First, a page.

Crime and punishment (beatings)…

It was a hellish scene. The shaky video taken on someone’s phone showed a stolen car speeding up and down the Falls Road, doing hand brake turns at brake neck speed. Tyres and onlookers squealed; smoke filled the air. Terrified road users attempted to make it by without getting written off and pedestrians fled from the area. Just as the video came to an abrupt end, the sound of shots could be heard ringing out above the sound of the revving engine. While some young car thieves diced with death on the road, another young person was being shot in the legs only metres away. Within 24 hours of this shooting another young person- a child- was shot in the legs nearby. In fact, within the last few months there have been more than a half dozen people shot in these so called punishment shootings. How have we let our communities come to this chaotic, barbaric place yet again? And what are we to do about it?


While I am not a bleeding heart liberal, excusing the actions of the children who have been shot, my heart does figuratively bleed as these children physically bleed all over our alleyways. I think it is a shame on all of us. But there is a real problem with a relatively small group of children and young people in our communities. This group are engaging in behaviour that is troubling at the very least and, as with those who engage in car crime, life threatening and life taking at worst. This behaviour cannot be condoned. It must be tackled more effectively through the courts and through the social services.

Currently in West Belfast (and other places) there are people coming forward to tackle the problem of anti-social behaviour with an even more anti-social behaviour- pressing the muzzle of a gun to the knee of children. There are a number of reasons why I think this is a bad idea.

Firstly, I find it morally reprehensible. There is never- never- an excuse for shooting children, no matter how awful their behaviour is. It is simply child abuse. The long term damage done to these children, both physically and emotionally, is horrendous. And there can be no moral case made that it is ok ‘to meet fire with fire’. We don’t have a system of physical punishment for crime either in the UK or in Ireland. I believe this is because, we the people of these islands, have rejected this type of response to crime as immoral.

Secondly, and I address this point specifically to those people who do not share my moral outrage at the maiming of children through these attacks, it doesn’t work. Plain and simple- it doesn’t work. I grew up in West Belfast through the 70s, 80s and 90s. Throughout those decades we had very regular punishment shootings and beatings as well as other barbaric forms of punishment. And through it all, car crime and other forms of crime continued. Not only that, we are all familiar with the stories of those car criminals who, despite being shot on several occasions, went on stealing cars and driving them dangerously. There was a famous story of a car criminal who, having been shot in both legs and having to walk with crutches, drove a stolen car using those crutches to operate the clutch and accelerator. No, these attacks simply do not work.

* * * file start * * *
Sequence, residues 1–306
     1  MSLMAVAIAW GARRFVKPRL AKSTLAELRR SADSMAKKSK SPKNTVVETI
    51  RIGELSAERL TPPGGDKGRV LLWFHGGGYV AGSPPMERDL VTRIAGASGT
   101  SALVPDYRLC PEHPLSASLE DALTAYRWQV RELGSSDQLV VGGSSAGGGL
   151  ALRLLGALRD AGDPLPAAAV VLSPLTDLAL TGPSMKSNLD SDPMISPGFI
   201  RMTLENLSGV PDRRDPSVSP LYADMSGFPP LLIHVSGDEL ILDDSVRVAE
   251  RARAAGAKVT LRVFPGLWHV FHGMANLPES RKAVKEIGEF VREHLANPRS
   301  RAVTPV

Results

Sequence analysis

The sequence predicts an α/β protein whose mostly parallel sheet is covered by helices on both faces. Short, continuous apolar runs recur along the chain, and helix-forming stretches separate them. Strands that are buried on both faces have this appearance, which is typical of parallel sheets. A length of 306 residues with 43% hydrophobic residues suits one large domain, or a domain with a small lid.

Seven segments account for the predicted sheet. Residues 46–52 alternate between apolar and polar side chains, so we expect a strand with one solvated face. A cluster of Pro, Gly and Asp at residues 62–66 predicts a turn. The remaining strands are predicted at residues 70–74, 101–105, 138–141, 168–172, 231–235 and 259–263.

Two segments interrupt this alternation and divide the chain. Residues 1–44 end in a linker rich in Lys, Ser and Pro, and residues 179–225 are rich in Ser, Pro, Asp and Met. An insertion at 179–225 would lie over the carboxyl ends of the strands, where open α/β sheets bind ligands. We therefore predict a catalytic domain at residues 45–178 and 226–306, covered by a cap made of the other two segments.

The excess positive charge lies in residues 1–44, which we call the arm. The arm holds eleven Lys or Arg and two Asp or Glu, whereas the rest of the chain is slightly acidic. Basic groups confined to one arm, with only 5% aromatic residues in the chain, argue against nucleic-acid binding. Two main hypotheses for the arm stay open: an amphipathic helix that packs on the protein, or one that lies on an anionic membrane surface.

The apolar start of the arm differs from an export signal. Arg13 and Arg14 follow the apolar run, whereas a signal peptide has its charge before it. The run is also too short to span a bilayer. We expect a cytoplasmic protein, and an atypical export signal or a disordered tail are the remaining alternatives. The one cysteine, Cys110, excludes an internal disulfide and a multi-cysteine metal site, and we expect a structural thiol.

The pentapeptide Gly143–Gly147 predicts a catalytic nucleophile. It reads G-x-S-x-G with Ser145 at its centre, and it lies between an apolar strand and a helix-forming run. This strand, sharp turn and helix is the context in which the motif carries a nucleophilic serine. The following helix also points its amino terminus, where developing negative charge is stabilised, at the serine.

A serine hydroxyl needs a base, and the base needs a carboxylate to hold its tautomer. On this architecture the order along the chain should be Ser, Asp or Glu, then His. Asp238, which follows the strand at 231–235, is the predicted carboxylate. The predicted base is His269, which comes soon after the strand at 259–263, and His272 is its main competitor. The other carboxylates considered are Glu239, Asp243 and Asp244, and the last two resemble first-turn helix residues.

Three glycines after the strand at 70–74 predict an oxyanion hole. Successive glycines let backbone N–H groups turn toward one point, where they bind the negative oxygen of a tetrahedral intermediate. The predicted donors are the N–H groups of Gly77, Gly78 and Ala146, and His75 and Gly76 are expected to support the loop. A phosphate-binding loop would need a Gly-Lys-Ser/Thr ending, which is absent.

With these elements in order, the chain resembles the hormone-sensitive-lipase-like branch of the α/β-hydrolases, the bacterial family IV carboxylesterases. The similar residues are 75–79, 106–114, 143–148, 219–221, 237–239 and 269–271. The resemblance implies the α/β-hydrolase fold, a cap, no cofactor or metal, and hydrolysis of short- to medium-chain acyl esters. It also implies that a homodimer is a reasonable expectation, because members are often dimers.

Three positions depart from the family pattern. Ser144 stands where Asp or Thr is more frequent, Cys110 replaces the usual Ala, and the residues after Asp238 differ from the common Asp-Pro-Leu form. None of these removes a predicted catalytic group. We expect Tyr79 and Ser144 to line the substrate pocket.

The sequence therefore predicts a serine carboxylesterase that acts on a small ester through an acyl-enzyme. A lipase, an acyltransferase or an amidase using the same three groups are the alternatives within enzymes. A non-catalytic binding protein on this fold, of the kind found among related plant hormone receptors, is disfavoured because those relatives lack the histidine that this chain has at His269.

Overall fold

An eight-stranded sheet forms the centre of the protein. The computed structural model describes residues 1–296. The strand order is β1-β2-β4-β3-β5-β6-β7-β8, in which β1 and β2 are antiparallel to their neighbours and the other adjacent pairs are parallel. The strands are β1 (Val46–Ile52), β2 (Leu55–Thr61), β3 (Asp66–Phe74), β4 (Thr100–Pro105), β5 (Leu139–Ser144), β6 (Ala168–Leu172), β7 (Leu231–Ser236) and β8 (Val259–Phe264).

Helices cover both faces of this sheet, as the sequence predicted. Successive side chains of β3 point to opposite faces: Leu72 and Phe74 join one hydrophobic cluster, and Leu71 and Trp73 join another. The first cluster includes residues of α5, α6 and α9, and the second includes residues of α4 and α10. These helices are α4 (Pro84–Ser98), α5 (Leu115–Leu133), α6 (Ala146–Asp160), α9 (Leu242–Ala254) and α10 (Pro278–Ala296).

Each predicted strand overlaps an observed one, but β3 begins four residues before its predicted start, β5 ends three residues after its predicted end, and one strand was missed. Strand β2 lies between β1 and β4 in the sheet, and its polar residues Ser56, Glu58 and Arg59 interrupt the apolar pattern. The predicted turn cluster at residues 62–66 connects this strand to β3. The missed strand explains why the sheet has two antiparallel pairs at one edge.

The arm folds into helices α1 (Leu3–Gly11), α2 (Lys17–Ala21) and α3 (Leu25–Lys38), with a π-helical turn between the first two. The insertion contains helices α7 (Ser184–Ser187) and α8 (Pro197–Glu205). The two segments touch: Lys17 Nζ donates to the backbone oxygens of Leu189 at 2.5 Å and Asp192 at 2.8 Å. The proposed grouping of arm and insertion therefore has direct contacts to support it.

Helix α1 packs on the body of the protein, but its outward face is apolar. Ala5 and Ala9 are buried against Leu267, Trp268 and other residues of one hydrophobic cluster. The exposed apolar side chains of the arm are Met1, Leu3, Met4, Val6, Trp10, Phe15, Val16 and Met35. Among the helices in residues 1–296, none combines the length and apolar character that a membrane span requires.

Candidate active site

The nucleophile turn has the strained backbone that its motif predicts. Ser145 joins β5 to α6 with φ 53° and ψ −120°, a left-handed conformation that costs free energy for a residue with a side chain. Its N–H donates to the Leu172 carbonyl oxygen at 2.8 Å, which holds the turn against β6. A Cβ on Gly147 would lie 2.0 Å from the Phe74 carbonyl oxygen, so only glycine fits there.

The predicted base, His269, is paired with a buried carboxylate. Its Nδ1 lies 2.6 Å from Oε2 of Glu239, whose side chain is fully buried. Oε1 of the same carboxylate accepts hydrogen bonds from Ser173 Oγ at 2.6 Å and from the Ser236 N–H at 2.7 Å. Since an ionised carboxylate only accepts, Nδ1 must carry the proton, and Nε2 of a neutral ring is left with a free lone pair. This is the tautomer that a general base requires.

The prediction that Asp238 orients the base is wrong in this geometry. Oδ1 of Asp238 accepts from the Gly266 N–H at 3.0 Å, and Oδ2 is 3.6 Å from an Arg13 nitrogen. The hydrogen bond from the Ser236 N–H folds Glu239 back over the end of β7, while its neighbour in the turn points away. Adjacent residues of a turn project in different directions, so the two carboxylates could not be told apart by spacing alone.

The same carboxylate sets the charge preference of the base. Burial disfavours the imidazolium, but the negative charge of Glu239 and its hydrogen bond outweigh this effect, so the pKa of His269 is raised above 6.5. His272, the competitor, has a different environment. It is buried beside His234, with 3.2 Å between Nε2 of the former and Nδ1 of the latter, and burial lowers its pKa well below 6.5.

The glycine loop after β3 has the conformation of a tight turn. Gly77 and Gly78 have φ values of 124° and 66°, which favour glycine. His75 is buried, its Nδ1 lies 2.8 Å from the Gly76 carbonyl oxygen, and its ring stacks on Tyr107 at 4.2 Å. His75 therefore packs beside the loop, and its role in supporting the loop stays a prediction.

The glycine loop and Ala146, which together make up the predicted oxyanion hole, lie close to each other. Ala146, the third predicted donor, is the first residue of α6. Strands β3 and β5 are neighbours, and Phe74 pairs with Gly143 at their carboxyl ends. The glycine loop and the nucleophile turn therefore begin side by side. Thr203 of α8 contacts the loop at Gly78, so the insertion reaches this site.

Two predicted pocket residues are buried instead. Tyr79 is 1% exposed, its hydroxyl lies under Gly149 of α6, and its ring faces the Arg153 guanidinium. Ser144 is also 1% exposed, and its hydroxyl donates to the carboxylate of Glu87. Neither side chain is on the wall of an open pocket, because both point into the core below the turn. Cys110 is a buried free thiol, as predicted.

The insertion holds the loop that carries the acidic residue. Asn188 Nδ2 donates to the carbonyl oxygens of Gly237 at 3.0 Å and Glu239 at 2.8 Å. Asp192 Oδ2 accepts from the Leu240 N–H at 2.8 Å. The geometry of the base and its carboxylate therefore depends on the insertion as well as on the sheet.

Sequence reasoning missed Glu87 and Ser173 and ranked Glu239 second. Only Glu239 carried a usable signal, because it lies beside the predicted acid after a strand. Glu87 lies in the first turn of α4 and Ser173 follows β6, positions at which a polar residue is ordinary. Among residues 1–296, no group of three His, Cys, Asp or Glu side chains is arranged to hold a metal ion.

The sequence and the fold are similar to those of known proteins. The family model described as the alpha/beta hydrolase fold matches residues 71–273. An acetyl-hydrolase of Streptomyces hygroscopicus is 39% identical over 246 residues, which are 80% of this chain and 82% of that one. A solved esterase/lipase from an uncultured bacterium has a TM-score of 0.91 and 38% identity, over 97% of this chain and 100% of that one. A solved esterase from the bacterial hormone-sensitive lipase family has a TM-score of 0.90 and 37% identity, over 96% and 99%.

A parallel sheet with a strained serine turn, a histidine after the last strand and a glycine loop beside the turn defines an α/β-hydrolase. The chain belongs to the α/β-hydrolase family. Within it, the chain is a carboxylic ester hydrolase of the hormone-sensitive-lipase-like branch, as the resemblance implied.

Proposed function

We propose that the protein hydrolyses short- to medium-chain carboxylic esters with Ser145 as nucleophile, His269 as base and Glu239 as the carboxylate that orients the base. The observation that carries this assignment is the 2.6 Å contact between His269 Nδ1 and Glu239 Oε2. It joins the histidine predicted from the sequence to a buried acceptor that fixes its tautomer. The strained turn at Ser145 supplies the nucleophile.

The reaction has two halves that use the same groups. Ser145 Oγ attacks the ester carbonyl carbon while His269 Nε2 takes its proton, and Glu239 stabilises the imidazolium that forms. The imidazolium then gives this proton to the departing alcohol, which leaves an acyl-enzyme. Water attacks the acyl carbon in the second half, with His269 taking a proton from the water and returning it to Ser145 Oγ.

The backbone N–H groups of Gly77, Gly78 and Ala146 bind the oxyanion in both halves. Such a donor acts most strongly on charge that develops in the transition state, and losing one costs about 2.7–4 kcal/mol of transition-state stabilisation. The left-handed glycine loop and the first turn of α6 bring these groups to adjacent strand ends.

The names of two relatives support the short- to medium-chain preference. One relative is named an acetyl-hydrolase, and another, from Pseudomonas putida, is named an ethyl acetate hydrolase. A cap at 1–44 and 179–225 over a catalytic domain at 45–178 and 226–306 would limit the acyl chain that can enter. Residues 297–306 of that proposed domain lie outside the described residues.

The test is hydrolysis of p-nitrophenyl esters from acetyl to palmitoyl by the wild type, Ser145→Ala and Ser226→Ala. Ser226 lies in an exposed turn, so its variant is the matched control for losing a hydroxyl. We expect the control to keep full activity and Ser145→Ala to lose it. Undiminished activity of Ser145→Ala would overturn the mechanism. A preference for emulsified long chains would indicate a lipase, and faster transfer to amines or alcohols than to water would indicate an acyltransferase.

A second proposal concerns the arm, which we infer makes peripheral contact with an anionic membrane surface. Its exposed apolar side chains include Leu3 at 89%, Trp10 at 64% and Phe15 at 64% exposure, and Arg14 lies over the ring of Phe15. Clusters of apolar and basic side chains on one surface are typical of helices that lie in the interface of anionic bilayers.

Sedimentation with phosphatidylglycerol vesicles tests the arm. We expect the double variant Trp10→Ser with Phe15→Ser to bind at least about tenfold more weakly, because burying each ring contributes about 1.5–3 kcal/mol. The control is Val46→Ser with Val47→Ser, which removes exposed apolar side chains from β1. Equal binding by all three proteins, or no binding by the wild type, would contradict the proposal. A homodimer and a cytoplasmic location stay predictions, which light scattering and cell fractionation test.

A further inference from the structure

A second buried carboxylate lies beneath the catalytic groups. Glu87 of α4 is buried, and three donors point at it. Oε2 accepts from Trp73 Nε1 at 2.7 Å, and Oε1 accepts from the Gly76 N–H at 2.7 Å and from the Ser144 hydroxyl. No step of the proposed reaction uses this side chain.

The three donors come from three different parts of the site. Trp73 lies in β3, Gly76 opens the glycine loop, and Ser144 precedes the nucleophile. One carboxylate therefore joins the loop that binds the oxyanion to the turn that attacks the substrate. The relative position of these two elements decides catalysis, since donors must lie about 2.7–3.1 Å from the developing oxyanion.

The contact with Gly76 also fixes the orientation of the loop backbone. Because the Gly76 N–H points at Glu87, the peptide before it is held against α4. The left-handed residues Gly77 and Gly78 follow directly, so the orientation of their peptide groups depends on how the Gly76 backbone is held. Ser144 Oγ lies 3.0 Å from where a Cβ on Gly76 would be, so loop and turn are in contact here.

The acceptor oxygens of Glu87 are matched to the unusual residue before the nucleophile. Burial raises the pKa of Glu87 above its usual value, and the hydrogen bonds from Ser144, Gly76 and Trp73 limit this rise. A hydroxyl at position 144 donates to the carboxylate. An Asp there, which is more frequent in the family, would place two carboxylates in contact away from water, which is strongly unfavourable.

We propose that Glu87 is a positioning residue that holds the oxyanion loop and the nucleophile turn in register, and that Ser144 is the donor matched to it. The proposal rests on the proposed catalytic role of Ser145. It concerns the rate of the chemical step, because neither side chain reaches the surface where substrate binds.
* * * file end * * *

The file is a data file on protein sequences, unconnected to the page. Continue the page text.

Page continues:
And here is where it gets particularly harrowing- I believe the people carrying out these attacks know they don’t work. In fact, I don’t think their primary intention is to address the anti social behaviour at all. I believe their motivation is to gain credence within the communities where they operate. Shooting children, they can argue, is responding to a community need. However, they are simply using these children as currency in this bigger enterprise. How cynical.

So, how do we respond to this maelstrom of crime and barbaric punishment?

Police are hamstrung much of the time because no victim or witness will give a statement. There seems to be little in the way of forensic evidence either. It’s obvious that there is a job of work to do in mending relationships between the community and the police and to convince the community that it is ok to trust and work with the police. Our elected representatives have a role and a responsibility in helping this to happen. How powerful would it be, for example, for elected representatives and police to be seen walking the streets of the Lower Falls together, supporting each other?

Youth services are a vital resource within working class communities. Yet, we are currently facing into uncertain times in regards to the funding of our youth centres. What a statement it would be from our government if the budgets of these youth centres were ring fenced and even increased. They do so much good work with so little money as it stands.

Can we find a way to engage with ex offenders who have come out the other side in order to bring their stories to children and young people at risk of offending? Are there enough resources dedicated to this endeavour?

I heard someone say recently that if we can bring peace to the community of lower West Belfast, we are well on the way to achieving peace throughout this whole place. We owe it to the people of these communities, who have suffered so much throughout the conflict and beyond, to bring new thinking and a concerted effort to the table. 

Jim Deeds is a husband, a father, an author and pastoral worker. Find him on Facebook/GymForTheSoul and on Twitter @gymforthesoul